Chapter 6: The facade of the Stanley Theater in the 1930s shows how luxurious and ornate the palaces of the time were. There has been a movement to restore this type of theater and its architecture. However, it’s great to imagine being when that was the norm. The ad for “Scientific Air Conditioning” really takes a trip back in time. We travel to the era of Benny Goodman.
It is significant to see that in the 1930s, Goodman has made his way as the main headliner. His name appears first on the palace invoice. Again, like Armstrong, he had just seen it in a previous chapter when he was twenty years old. It’s funny to call this scene a moment of progress in a time when everything that is advertised is over. The time goes by.
Chapter 7: It’s a very moving image of the service men sitting around the record player in the service field. Soldiers carry letters. Music should improve the mood for them to imagine their loved ones. A little blues is likely to stir your soul.
This scene shows how jazz is and was music for the people. The smiles of the soldiers show that they relate to the music. Jazz sounds both in Atlantic City and in the trenches, not just in the ghettos and clubs. The time has passed.
Chapter 8: The image of Ella Fitzgerald signing in Manhattan is captivating. The light in this image plays well everywhere. There’s a shimmering diamond under her chin, and the spotlight on the audience captures the smoky halo of an intimate club. Just enough light shines on the artwork on the walls to make it captivating, but the art doesn’t outshine Ellington, in the audience, it doesn’t outshine Fitzgerald.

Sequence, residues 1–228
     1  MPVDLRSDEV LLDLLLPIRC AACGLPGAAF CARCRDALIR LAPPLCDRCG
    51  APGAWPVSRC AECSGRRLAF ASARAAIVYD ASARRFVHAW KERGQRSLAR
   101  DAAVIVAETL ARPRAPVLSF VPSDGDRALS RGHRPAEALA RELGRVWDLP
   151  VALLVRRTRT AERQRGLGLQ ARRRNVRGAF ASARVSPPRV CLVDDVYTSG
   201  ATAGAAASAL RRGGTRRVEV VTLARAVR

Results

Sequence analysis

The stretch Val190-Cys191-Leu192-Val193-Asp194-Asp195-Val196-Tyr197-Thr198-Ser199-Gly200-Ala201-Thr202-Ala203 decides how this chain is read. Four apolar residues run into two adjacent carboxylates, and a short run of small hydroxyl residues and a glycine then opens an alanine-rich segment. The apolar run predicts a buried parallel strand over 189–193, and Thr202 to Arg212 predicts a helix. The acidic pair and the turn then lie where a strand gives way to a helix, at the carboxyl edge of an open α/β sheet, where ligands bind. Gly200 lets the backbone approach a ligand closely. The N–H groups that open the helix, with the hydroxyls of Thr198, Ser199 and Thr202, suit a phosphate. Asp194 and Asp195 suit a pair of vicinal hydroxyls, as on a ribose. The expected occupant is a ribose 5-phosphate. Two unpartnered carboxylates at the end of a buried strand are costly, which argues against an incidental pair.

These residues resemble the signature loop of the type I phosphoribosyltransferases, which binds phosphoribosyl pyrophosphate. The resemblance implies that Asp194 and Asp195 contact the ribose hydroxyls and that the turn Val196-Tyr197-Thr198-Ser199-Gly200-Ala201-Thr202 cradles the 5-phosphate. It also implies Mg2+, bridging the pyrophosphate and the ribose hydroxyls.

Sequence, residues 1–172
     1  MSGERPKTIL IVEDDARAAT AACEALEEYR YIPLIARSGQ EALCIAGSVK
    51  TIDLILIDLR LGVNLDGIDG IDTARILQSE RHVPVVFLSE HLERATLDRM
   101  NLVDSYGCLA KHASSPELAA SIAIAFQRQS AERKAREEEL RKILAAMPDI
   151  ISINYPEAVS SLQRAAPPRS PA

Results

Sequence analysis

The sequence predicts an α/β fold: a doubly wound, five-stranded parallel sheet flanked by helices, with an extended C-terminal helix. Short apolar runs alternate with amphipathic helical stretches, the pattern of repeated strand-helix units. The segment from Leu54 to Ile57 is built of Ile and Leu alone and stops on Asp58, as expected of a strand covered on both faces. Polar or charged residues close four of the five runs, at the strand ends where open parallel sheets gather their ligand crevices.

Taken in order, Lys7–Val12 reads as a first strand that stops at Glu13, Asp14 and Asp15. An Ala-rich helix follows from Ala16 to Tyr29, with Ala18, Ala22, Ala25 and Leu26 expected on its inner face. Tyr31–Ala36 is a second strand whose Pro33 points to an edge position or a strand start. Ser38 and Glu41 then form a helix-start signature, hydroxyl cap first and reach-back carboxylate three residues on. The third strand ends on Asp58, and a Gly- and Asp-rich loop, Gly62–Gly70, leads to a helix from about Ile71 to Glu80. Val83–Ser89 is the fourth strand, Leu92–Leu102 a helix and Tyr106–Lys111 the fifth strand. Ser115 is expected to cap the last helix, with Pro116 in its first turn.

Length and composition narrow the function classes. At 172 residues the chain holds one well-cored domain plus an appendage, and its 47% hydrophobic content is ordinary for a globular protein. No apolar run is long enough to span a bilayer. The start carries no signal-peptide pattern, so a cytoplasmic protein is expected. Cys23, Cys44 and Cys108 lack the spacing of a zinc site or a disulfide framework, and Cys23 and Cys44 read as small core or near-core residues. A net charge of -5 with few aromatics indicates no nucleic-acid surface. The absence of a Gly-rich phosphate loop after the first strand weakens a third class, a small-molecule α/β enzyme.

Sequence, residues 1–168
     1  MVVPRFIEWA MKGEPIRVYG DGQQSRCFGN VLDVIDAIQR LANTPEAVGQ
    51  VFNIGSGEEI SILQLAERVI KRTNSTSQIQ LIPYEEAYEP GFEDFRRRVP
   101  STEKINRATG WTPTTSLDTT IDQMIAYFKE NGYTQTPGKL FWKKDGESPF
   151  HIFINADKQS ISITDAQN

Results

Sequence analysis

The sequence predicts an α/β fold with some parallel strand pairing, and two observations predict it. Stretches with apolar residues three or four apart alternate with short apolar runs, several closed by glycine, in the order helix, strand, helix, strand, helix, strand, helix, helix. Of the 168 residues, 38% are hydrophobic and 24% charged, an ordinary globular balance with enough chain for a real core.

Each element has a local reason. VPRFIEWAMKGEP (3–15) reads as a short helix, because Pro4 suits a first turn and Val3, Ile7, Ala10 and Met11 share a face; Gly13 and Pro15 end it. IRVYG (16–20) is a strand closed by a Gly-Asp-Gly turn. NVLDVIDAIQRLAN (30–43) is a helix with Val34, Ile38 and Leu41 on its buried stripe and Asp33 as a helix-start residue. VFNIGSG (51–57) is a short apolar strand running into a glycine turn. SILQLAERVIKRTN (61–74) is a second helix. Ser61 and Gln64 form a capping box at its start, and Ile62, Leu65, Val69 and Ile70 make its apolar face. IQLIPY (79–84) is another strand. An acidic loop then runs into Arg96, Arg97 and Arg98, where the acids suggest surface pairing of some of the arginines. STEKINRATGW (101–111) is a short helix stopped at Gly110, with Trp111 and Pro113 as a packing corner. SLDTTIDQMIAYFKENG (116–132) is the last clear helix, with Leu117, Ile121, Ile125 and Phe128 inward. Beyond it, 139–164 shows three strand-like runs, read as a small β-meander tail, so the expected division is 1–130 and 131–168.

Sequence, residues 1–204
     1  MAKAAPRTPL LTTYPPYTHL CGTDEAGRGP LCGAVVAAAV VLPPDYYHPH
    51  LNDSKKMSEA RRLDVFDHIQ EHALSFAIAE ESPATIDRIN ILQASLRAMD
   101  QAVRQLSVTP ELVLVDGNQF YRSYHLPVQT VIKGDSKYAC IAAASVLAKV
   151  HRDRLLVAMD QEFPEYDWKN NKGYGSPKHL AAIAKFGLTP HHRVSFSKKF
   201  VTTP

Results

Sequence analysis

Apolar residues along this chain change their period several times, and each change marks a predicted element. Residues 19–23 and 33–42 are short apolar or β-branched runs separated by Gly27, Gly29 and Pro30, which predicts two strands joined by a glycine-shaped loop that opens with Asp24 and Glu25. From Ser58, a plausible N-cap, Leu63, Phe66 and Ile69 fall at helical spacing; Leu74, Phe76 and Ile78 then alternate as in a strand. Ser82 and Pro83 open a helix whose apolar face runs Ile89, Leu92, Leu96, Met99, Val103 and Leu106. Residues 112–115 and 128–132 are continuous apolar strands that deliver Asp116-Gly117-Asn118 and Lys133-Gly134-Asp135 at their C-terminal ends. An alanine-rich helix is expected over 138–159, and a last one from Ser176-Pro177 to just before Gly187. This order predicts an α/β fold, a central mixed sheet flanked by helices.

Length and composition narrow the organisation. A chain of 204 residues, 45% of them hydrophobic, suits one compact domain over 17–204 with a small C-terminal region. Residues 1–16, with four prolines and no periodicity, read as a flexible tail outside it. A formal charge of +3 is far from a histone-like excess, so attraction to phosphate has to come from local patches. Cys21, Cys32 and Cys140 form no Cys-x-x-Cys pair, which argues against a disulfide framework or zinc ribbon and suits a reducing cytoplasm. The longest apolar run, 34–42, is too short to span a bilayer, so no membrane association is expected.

Such an intimate nightclub makes one wish you could be there. I’d like to see Fitzgerald or Ellington or Goodman perform, let alone be with all three in the confines of a vintage nightclub. Imagine sharing a Coke with Duke Ellington while listening to Ella Fitzgerald. Wow. Duke sure looks happy.
Chapter 9: There is a photo of Donald Byrd practicing on the subway. Someone who does something like this is clearly dedicated to their craft. I can see that he doesn’t care about the people around him. He is one with his instrument.
I often go to McDonald’s and sit, meditate, and study. This image reminds me of that. The life of an artist is usually very lonely. We often want to see and feel what the public reaction is, even if it is not paid. We often take great risks, like playing the trumpet in the subway. This image makes him feel connected to Byrd.
Chapter 10: The circle is completed by seeing Louis Armstrong playing the trumpet with the children in Queens. Now he is the giant on whose shoulders the children are. It’s great to see a man of this stature have time for the children. We could only hope that the greats could teach their craft.
In his time, Armstrong had achieved his fame. We can see that it is in children that he enjoys life. And the children return this joy. It’s great to see the range of ages of children captivated by the music in this image.